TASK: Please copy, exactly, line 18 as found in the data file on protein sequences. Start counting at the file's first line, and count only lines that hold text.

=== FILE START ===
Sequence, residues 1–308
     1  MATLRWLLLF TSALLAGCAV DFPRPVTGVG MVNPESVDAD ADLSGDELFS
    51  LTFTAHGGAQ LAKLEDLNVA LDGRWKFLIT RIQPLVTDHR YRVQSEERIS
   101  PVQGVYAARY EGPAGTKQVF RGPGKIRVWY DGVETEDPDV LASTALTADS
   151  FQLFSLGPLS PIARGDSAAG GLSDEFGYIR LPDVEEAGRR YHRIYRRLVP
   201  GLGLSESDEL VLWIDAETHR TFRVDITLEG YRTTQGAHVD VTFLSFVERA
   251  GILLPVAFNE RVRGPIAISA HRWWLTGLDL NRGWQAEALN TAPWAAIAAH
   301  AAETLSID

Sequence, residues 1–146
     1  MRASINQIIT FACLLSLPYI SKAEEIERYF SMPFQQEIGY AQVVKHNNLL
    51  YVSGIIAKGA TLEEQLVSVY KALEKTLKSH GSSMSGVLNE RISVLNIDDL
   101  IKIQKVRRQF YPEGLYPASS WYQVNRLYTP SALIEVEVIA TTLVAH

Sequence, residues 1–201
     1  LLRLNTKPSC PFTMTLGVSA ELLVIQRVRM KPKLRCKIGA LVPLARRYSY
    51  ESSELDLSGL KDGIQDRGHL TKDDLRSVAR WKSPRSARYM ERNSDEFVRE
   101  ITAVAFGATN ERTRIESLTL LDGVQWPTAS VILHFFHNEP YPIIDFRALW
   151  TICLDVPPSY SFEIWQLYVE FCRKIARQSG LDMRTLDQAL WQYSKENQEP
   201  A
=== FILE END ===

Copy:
   201  A